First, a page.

“A mirthful and wise diagnosis of what ails us: Schulz dances us through science, psychology, and literature in a sparkling history of (and ode to) human error.” (Publishers Weekly)
“[A]n insightful and delightful discussion of the errors of our ways. . . . Schulz remains good company -- a warm, witty and welcome presence. . . . [S]he combines lucid prose with perfect comic timing. . . . Being Wrong
is smart and lively.” (New York Times Book Review)
“So, please take this advice: Read BEING WRONG, because it’s the right thing to do.” (Associated Press)
“Kathryn Schulz’s brilliant, spirited, and necessary inquiry into the essential humanity of error will leave you feeling intoxicatingly wrongheaded.” (Tom Vanderbilt, bestselling author of TRAFFIC)
“[A]n unusual examination of the virtue and peril of being wrong and of all the ways we think we know things that just ain’t so.” (Boston Globe)
“Engrossing.... In the spirit of Blink and Predictably Irrational (but with a large helping of erudition)... Schulz writes with such lucidity and wit that her philosophical enquiry becomes a page-turner.” (Publishers Weekly (starred review))
“Kathryn Schulz has given us a brilliant and remarkably upbeat account of the long history of human error. If Being Wrong is this smart and illuminating, I don’t want to be right!” (Steven Johnson, bestselling author of THE GHOST MAP and EVERYTHING BAD IS GOOD FOR YOU)
“Kathryn Schultz is engaging, witty and fascinating as she uses a full arsenal of academic research, colorful stories, philosophical arguments and personal anecdotes to create a riveting account of why we, mostly, have been wrong about being wrong.” (Frans Johansson, author of THE MEDICI EFFECT)
“Both wise and clever, full of fun and surprise...[BEING WRONG] could also be enormously usefulthere are very few problems we face...that couldn’t be helpfully addressed if we we were willing to at least entertain the idea that we might not be entirely right.” (Bill McKibben, author of EAARTH: Making a Life on a Tough New Planet)
“A funny and philosophical meditation on why error is mostly a humane, courageous and extremely desirable human trait. [Schulz] flies high in the intellectual skies, leaving beautiful sunlit contrails....It’s lovely to watch this idea warm in Ms. Schulz’s hands.” (Dwight Garner, New York Times)
“Schulz possesses playfulness even as she brings the reader to tears... Being Wrong
has a heartbeat.” (Huffington Post)
“Intellectualism made fun! . . . Schulz’s call to embrace flaws and errors as potentially beneficial will surely draw legions of follwers.” (Newsweek)
“Schulz draws on philosophers, neuroscientists, psychoanalysts and bit of common sense in an erudite, playful rumination on error.” (Washington Post)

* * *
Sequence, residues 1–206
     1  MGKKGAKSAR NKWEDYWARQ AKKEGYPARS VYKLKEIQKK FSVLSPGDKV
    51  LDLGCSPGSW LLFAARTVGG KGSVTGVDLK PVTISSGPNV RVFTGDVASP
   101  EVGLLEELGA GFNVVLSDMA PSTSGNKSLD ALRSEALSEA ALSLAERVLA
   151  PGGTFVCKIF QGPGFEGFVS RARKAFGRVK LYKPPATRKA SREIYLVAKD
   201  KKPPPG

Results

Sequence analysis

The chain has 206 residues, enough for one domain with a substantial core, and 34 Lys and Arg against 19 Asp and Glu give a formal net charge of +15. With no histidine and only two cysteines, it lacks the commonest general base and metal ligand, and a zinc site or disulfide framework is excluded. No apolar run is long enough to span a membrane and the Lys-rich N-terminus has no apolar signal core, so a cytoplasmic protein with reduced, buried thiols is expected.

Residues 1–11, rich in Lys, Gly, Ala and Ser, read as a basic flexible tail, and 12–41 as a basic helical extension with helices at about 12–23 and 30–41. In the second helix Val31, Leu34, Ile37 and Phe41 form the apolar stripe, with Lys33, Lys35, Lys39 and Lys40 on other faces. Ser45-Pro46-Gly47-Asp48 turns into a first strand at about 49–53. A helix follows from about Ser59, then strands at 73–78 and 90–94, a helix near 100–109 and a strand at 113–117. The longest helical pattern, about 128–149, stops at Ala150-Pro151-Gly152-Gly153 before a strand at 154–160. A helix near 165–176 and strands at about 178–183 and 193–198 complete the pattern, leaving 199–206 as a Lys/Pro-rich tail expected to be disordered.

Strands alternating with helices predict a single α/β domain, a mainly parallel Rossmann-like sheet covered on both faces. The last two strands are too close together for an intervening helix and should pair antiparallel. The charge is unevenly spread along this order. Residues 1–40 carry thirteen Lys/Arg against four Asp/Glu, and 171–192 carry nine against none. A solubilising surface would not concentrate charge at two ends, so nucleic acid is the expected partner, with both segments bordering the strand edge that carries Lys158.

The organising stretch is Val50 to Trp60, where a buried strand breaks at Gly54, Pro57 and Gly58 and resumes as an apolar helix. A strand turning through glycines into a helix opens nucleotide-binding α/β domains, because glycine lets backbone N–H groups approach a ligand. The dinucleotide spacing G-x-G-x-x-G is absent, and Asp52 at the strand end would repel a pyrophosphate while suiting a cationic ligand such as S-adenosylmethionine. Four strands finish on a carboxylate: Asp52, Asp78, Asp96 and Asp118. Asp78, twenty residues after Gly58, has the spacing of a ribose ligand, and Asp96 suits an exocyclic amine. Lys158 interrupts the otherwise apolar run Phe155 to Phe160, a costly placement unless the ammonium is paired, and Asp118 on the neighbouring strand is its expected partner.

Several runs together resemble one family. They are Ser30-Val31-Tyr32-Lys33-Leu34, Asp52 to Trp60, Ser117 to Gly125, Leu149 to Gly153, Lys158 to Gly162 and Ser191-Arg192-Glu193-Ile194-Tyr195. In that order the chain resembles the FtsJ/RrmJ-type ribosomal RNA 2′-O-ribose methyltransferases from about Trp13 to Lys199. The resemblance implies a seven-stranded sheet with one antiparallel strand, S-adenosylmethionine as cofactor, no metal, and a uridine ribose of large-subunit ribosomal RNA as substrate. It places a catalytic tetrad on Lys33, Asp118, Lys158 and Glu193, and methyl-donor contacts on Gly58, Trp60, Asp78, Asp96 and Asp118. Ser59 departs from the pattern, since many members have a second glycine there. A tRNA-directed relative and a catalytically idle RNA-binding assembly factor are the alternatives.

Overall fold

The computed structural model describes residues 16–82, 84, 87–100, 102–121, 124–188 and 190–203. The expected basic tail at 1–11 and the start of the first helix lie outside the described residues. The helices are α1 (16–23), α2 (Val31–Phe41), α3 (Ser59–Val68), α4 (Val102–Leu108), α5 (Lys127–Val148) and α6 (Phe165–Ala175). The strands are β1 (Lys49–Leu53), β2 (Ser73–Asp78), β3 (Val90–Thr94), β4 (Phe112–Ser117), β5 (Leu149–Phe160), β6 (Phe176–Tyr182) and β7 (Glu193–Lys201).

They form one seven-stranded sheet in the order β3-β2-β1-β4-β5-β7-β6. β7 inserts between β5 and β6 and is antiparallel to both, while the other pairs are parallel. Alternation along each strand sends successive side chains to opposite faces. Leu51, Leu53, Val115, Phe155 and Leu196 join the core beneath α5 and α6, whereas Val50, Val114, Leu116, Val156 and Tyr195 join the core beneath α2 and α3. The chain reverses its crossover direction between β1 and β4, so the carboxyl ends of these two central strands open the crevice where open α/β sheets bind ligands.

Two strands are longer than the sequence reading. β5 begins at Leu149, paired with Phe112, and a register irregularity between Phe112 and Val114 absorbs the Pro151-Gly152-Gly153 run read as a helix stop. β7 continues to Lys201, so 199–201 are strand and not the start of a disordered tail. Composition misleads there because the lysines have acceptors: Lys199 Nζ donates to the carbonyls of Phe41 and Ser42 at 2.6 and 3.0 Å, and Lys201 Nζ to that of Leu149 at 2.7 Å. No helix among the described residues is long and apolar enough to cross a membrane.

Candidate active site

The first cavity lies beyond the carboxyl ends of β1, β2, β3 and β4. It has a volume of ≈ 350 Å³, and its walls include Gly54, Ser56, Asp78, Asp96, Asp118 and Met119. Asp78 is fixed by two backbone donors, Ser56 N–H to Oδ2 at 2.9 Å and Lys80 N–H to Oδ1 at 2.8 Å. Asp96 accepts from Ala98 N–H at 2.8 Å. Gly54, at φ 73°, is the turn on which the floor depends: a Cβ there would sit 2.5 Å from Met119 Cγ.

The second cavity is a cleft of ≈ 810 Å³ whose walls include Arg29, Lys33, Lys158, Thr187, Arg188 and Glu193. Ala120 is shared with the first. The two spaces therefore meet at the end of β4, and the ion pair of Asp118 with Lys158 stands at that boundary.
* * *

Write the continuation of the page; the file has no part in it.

“An amazing book. . . . I don’t know when I last read a book as stimulating, as thoughtful, and as much fun to read.” (Harold S. Kushner, author of When Bad Things Happen to Good People
From the Back Cover
To err is human. Yet most of us go through life assuming (and sometimes insisting) that we are right about nearly everything, from the origins of the universe to how to load the dishwasher. If being wrong is so natural, why are we all so bad at imagining that our beliefs could be mistaken, and why do we react to our errors with surprise, denial, defensiveness, and shame?
In Being Wrong, journalist Kathryn Schulz explores why we find it so gratifying to be right and so maddening to be mistaken, and how this attitude toward error corrodes relationships—whether between family members, colleagues, neighbors, or nations. Along the way, she takes us on a fascinating tour of human fallibility, from wrongful convictions to no-fault divorce; medical mistakes to misadventures at sea; failed prophecies to false memories; "I told you so!" to "Mistakes were made." Drawing on thinkers as varied as Augustine, Darwin, Freud, Gertrude Stein, Alan Greenspan, and Groucho Marx, she proposes a new way of looking at wrongness. In this view, error is both a given and a gift—one that can transform our worldviews, our relationships, and, most profoundly, ourselves.
In the end, Being Wrong is not just an account of human error but a tribute to human creativity—the way we generate and revise our beliefs about ourselves and the world. At a moment when economic, political, and religious dogmatism increasingly divide us, Schulz explores with uncommon humor and eloquence the seduction of certainty and the crises occasioned by error. A brilliant debut from a new voice in nonfiction, this book calls on us to ask one of life's most challenging questions: what if I'm wrong?